Saturday, September 13, 2008

Dream Work

Last night, I had a horrible, horrible dream about my father.

I had a, to put it mildly, conflicted relationship with my father, but, in this dream, he was far crueler and far more hateful, on a v visceral level, than my waking father, who was, trust me, no prince, ever was. And all day, kind of the way that your tongue does with a loose tooth, my mind kept coming back to that dream.

I don't think that our dreams lie to us, but I also just don't believe that my father was, really, as hateful as he was in my dream. In the waking world, he was full of floating anger that would suddenly burst, like a hot, red, angry boil, exploding unexpectedly, all over everything, poisoning the entire world of our family, of my childhood, of his surroundings. Yet he believed that he loved me and he could, either when it didn't matter at all or when it mattered v, v much, be at the v least the sort of worthy sparring partner who does you the honor of recognizing your worth. A few times, he was even the guy who had my back.

And, yet, our dreams don't lie to us.

I learned two relevant things in Reclaiming classes. The first was how to go back into my dreams, even much later (and it will be a while before I go back into this one), and work out a different ending. I won't try to change what my father did or said or expressed. I will change what I did in response.

The second was that doing shadow work on ourselves is one of the best gifts that we can give to our children and grandchildren and great grandchildren. (All tied up with that ugly dream, I kept reflecting on ways that I'd failed Son, difficult situations that I'd put him in, things that I'd have done differently, had I been older, smarter, better off financially, more evolved.) Shadows live for generations and all the energy that we can suck out of them is that much less energy they have to suck the light out of our children's lives (and the lives of our children's children's children).

One of the overwhelming themes of my childhood was: not enough. Don't ask for anything because there's not enough, and even if there were more, there wouldn't be enough for so many children, you and all of your brothers and sisters. It's rude to ask for what you want because the person you're asking will have to say no and feel ashamed and you could avoid all of that by simply never asking for anything. It's your asking that causes the shame. It's wrong, rude, unkind of you to ask for what you want.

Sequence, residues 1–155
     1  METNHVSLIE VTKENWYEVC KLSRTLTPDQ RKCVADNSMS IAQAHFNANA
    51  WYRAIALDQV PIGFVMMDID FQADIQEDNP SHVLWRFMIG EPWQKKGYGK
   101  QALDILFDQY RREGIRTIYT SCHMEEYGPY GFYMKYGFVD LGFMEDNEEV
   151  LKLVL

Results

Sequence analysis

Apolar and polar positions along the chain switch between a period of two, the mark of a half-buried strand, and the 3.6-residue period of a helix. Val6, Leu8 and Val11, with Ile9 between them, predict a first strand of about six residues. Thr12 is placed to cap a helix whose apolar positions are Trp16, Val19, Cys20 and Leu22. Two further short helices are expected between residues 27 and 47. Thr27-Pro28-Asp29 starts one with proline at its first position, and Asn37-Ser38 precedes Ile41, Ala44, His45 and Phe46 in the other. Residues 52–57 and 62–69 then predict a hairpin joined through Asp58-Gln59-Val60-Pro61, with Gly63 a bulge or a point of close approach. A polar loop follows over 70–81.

And, you know, fuck that shit.

Today, G/Son and I went to the park. We rode the train that G/Son adores. And then, we got off the train and we got directly back in line, and we rode the train again. And then, we rode the horse on the carousel with a blue blanket and a brown saddle. And then, we rode that horse again. I simply cannot tell you how v foreign, not to mention terrifying, such a practice would have been to my childhood. And then, we went to the nature center and we spent as long as we wanted looking at the turtles and snakes and bees and playing computer games sorting animals into classes. It's perhaps no random thing at all that I've always adored Auntie Mame's assertion that life's a banquet and some poor suckers are starving to death. And G/Son and I can ride that train all freaking day if that's what we want to do. And that's what we did and that's what we'll do again, any time we want.